Why the ‘Boycott Apple’ Movement is Dumb

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The #BoycottApple hashtag was trending hard on Google+ last week.

No, I’m not talking about the boycott-Apple-to-save-Chinese-workers, the boycott-Apple-because-they-discriminate-against-Iranians or even the boycott-Apple-because-they-support-gay-marriage movements.

I’m talking about the boycott-Apple-because-they’re-using-the-courts-to-compete-against-Android-devices movement.

Specifically, the call to boycott is based on anger over Apple’s successful attempt to ban both the Samsung Galaxy Nexus phone and the Galaxy 10.1 tablet. An appeals court temporarily lifted the ban on the phone yesterday, but upheld the tablet ban.

Here’s why the call for a boycott is misguided and futile. 

It’s based on the myth of Apple exceptionalism

Boycott Apple advocates pretend to believe what they do not (or should not) believe, which that companies that don’t sue over patents don’t sue because they’re nice, or virtuous or believe in the free exchange of ideas.

The reality is that they don’t sue because they don’t have a case.

When companies have a patent case they think they can win, they sue. In fact, Apple itself is currently defending itself from patent infringement cases brought by China’s Zhi Zhen Internet Technology, and Silicon Valley’s Noise Free Wireless.

And Apple has been sued in the past by Nokia (which won the case), and others.

And Apple isn’t the only company suing over alleged patent infringement by Android or Android devices.

Nokia, for example, is suing Google and Asus. And Microsoft got Motorola devices banned in the US for infringing patents.

Publicly held companies pursue their own interests, and the interests of their shareholders. The truth is that patent lawsuits are trivially inexpensive for big companies to pursue, compared with potential benefits. There’s no downside to suing over patent infringement if you think you might win.

When companies file lawsuits that are frivolous on their face, they go nowhere or are tossed out of court. When Apple and Motorola were going at it last month, the judge got fed up and told both parties to get out and not come back.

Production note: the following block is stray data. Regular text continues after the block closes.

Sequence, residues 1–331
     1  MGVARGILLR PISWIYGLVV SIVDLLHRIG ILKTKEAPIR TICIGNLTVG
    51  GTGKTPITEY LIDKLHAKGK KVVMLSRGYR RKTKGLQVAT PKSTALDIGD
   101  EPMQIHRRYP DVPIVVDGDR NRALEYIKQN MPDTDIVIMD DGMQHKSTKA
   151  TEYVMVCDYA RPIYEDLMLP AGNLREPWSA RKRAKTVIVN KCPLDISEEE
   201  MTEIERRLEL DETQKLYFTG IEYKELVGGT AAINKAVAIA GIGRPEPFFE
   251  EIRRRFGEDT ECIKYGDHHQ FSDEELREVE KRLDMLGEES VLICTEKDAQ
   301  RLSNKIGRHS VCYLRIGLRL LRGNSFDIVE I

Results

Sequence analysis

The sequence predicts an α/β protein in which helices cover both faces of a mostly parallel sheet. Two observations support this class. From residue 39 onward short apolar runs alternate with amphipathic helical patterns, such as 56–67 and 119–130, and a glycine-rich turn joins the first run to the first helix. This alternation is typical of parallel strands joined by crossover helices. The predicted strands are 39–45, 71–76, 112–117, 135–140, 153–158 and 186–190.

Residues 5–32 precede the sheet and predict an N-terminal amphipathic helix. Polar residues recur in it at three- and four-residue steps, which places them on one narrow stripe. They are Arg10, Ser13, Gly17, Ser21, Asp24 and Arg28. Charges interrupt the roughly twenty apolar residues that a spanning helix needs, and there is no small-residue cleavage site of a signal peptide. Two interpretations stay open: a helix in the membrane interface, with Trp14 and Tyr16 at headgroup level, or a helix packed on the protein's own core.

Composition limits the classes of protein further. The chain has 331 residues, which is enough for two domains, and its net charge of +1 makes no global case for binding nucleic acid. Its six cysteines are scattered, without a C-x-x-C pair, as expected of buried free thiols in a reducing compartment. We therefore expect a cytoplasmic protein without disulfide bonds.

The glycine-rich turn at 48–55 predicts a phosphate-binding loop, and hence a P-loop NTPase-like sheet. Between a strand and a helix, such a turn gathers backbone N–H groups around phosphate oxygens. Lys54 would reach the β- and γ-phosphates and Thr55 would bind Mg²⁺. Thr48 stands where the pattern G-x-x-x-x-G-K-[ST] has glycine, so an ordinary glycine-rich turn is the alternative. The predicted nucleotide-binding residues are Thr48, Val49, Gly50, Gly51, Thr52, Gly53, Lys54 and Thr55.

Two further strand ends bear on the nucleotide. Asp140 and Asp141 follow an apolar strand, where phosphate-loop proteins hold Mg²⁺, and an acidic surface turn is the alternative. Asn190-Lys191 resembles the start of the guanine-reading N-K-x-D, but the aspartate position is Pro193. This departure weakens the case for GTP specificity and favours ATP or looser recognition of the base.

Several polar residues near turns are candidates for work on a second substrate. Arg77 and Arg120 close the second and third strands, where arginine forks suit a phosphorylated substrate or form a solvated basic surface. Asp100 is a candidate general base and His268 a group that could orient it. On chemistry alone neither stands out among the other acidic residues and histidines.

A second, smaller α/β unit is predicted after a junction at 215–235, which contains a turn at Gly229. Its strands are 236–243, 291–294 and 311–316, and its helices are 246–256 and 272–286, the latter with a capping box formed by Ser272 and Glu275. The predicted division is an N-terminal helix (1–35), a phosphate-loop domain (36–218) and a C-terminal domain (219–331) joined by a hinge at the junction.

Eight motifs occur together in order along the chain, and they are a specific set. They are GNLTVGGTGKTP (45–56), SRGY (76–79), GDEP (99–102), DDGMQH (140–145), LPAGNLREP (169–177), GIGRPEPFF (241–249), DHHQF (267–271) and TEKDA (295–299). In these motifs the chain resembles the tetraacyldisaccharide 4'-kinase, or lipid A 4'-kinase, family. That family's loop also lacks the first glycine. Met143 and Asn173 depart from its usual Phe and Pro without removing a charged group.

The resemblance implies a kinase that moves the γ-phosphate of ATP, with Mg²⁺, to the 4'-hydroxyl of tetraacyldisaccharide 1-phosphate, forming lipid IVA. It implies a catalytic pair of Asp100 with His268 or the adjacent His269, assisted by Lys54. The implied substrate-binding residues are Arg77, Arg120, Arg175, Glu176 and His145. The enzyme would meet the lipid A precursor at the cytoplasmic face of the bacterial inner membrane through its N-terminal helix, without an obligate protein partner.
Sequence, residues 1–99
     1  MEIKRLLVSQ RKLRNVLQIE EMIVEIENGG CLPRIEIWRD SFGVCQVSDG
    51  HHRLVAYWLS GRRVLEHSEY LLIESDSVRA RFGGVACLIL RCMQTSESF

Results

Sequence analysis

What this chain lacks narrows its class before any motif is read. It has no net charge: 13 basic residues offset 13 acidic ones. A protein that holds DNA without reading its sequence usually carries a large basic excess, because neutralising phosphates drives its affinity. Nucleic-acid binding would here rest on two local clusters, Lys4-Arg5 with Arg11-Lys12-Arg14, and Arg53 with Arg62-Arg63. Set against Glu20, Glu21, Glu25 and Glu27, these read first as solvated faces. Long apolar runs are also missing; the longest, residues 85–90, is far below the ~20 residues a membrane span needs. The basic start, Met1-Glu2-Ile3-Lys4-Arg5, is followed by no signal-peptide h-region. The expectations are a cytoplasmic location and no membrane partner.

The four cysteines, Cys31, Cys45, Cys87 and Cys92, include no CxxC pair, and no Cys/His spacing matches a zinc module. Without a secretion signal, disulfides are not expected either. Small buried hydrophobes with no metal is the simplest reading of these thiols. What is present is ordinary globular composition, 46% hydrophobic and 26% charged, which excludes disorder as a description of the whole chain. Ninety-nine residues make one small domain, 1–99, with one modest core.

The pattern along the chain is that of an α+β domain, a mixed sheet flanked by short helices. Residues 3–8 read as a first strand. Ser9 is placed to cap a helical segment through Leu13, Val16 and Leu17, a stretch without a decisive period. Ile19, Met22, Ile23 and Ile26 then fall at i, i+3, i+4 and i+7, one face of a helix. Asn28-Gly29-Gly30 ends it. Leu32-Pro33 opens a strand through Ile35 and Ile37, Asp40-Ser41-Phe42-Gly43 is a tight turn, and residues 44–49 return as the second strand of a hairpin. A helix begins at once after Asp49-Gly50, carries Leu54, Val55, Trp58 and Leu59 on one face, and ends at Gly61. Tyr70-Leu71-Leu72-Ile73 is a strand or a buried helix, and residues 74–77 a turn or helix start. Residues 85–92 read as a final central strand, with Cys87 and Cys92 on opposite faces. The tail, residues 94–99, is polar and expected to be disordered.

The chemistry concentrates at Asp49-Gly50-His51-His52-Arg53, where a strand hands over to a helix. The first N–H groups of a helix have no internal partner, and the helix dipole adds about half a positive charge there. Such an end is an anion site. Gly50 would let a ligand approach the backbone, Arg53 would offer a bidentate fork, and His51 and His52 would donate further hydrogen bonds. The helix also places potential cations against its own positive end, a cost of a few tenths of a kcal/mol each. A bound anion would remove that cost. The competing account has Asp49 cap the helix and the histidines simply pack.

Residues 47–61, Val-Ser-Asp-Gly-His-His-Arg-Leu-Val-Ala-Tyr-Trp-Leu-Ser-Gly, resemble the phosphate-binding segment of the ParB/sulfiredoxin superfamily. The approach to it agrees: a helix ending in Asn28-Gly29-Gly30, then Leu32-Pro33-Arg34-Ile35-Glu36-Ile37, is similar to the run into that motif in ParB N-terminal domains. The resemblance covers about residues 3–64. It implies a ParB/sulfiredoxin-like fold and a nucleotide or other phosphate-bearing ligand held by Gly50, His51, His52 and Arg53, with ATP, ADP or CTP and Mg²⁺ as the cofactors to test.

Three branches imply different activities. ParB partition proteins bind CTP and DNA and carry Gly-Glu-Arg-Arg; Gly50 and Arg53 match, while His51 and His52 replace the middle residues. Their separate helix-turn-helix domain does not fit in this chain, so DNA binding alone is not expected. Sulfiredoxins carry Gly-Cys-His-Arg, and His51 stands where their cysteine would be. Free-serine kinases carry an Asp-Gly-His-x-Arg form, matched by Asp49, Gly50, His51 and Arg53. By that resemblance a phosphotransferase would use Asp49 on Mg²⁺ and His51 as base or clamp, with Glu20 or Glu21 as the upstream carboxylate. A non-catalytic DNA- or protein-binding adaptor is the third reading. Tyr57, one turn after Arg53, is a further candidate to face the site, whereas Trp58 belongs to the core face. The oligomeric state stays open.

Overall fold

The bottom line is that, yes, Apple sues when it thinks it can win a patent-infringement case. And so does every other company.

It’s based on the myth that Apple is not exceptional

While Apple is not exceptional in pursuing its interests in the courts when it can just like any other company, Apple is, in fact, exceptional in other ways. Let’s start with the least controversial.

Apple is very different from, say, Samsung, in the number of product lines it sells. For example, Apple has one phone and Samsung has dozens. Samsung phones mix and match features and technologies, and Samsung is far more promiscuous in the application of ideas on different phones. Samsung phones have many form factors, user interfaces, input approaches, design features.

This variety by Samsung both increases the likelihood that another company will believe that Samsung is violating a patent, and also reduces the impact on Samsung of being sued or having one of their devices banned.

Extreme device variety also “waters down” Samsung’s focus on any one feature or technology. For example, while Apple has to concern itself over the patentability of, say, “slide to unlock,” Samsung may have to worry about “slide to unlock,” “pinch to unlock,” “clap to unlock,” “unlock to unlock” and “never unlock.” (I’m making up these techniques for unlocking, but you get the idea.)

Just to pursue this further: the ban on Samsung’s phone in the US barely registers on the company’s overall revenue or profit. Samsung not only makes a gazillion phones and tablets, they also make refrigerators, vacuum cleaners, cameras, stoves, printers and so on.

However, if the iPhone were banned in the US, the company would buckle under the impact. Apple has just one phone. And that phone represents a massive percentage of the company’s revenue.